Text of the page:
The nature of the performance from Anthony Perkins’ in his role in Alfred Hitchcock’s ‘Psycho’ is iconic as he is a man that incarnates evil and perversion but that trait is veiled by the character’s visual appearance. His exterior sees him as an average-looking and eerily soft spoken young man who is obsessed with his mother’s love and approval despite the fact she died years prior to the film’s narrative. It is Perkins performance that is so intensely disturbing that before we know the truth come the end of the film, we are still transfixed on him because of the nature of the performance he gives.

Hitchcock himself displayed a certain intolerance in some way for method actors, particularly managing them on a film set. In 1972, in the ‘Masters of Cinema’ interview he stated, “Method actors are like children. They are alright for the theatre, but their little problem with film is especially where cutting is involved.”[7] This in some way could have influenced the nature of Perkins performance in ‘Psycho’ as he was certainly a prolific actor but he was not known to of took on the levels of performance that Brando would take on when approaching a particular role. Perkins performance is all about depicting the disturbingly bleak aspect of his character’s life and his upbringing himself as he does present himself as being an extremely lonely and troubled individual. He portrays this through his movement and facial expressions; he moves quietly and either smiles or chuckles when he is talking to various characters, in particular Marion Crane and also when he is confronted by Detective Arbogast. His physical appearance that being his hair and clothing aids the nature of his performance as it is aimed to convey the image of Norman Bates of being harmless and innocent as he wears such casual clothing; he tucks in his shirt, his shirts are simplistic with no need to impress and his hair it neatly combed.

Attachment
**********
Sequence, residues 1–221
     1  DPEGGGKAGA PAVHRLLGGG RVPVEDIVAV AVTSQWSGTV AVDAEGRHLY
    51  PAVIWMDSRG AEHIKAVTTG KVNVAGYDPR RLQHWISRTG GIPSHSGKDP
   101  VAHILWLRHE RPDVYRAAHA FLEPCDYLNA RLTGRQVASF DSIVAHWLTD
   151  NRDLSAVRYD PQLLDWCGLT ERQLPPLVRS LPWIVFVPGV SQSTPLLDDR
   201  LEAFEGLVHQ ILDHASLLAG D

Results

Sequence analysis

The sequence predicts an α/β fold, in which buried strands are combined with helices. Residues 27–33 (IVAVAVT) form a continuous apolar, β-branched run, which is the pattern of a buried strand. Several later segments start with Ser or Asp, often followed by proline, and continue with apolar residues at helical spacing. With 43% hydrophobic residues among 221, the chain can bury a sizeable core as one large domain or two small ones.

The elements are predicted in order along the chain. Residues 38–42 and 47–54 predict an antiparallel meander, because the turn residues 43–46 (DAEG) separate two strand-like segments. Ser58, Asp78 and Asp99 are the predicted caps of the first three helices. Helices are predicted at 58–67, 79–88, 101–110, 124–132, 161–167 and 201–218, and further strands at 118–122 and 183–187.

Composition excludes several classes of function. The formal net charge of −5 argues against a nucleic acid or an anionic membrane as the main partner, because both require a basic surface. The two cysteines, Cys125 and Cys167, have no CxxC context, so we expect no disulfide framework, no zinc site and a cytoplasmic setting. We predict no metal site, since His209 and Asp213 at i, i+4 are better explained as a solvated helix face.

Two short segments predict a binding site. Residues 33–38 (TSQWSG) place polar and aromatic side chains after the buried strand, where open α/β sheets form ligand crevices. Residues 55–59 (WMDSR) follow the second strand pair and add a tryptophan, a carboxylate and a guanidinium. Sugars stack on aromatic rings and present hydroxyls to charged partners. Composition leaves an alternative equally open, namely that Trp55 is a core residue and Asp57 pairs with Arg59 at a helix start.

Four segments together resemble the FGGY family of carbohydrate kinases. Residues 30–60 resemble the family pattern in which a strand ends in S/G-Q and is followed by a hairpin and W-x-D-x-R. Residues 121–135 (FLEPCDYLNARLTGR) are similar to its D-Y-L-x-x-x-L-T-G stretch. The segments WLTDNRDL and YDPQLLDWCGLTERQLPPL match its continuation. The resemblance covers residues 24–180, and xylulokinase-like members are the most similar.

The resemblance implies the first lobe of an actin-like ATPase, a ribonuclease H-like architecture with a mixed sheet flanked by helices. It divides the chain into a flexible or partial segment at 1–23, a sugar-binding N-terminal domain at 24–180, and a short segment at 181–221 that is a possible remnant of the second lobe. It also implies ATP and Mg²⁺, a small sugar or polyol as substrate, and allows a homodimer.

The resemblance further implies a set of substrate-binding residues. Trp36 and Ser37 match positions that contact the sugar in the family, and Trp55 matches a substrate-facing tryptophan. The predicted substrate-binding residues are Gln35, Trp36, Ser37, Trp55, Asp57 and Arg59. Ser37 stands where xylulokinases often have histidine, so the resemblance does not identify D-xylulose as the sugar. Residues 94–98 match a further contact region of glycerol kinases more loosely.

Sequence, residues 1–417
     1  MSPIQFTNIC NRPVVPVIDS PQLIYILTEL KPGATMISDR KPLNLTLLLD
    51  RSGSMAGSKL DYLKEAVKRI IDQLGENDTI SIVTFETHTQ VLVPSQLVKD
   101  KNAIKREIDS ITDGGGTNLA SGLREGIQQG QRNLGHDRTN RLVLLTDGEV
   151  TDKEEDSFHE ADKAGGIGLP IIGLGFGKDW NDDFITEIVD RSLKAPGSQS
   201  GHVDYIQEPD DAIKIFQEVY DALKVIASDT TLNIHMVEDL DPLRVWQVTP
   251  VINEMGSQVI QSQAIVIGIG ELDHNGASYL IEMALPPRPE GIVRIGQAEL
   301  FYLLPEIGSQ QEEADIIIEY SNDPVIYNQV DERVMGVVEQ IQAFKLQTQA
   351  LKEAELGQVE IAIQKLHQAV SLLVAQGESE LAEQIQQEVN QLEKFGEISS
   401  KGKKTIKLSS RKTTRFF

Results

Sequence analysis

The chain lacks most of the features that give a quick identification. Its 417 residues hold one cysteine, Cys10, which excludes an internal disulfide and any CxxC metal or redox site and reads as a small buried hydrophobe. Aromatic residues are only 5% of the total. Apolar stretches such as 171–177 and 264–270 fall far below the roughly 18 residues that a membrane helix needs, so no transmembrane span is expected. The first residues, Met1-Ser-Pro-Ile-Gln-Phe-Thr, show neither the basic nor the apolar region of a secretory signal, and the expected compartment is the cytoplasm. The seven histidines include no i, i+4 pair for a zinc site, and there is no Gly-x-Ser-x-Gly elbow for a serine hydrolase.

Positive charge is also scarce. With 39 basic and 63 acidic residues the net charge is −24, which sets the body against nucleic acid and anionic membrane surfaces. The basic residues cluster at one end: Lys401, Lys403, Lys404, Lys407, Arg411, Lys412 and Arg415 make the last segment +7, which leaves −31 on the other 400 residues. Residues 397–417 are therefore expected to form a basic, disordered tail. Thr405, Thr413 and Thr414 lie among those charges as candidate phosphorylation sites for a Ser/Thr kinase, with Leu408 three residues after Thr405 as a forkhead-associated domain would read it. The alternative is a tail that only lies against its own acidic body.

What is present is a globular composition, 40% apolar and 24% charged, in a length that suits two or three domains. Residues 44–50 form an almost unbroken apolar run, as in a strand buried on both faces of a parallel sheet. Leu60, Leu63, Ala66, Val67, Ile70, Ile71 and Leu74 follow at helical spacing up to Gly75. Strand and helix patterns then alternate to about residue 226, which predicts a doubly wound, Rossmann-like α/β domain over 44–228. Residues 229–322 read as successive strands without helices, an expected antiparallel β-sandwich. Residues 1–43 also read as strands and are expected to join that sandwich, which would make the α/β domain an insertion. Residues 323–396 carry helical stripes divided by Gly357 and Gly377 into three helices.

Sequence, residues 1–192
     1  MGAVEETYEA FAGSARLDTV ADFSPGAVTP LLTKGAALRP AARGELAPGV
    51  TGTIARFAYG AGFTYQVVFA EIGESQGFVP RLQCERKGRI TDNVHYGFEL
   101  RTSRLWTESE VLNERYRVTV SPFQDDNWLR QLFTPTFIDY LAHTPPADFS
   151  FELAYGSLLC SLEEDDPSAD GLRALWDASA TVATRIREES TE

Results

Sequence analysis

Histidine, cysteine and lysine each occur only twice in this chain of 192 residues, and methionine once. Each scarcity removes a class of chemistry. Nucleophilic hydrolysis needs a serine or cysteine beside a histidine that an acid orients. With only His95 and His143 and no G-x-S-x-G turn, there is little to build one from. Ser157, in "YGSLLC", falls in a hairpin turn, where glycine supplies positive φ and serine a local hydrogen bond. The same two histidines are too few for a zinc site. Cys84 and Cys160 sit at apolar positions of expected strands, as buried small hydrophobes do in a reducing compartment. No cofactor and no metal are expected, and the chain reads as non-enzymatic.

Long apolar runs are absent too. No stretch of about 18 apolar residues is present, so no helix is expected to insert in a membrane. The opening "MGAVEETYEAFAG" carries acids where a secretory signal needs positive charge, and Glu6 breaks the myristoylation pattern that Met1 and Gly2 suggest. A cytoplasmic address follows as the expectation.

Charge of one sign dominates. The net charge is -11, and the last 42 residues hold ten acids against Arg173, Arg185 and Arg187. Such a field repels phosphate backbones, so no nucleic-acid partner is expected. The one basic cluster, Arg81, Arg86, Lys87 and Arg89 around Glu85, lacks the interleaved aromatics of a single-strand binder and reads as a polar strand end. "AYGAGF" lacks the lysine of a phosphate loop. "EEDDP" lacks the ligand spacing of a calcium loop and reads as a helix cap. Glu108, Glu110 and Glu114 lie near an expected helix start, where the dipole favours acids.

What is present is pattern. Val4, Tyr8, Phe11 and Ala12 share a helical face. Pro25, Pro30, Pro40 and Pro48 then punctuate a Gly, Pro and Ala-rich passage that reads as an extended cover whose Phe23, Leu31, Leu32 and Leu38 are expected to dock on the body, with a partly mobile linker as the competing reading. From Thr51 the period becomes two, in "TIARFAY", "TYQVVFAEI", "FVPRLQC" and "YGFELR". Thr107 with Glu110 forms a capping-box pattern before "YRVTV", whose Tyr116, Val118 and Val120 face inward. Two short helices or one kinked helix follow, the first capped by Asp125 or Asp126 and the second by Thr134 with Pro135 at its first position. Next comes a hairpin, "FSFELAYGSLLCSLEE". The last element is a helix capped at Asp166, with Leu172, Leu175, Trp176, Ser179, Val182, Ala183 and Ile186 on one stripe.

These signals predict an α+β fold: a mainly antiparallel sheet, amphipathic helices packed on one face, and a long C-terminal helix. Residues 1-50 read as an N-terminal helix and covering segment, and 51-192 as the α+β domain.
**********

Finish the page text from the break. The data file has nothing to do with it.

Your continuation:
However this veil of innocence is broken at the end of the film, where the truth is finally revealed and that it is he who is the killer of Marion and Aborgast as well as the deaths and disappearances of other young women. When committing the murders, he dresses up in his dead mother’s clothing as he psychologically takes on the role of his mother whilst still having her corpse in the house as if he is doing this all for her. In the basement scene he explodes with rage and agony when he is caught trying to murder Marion’s sister, but it is the penultimate scene of the film where we see the true nature of Perkins’ performance, through his facial expressions which sees how psychotic and deranged his character truly is.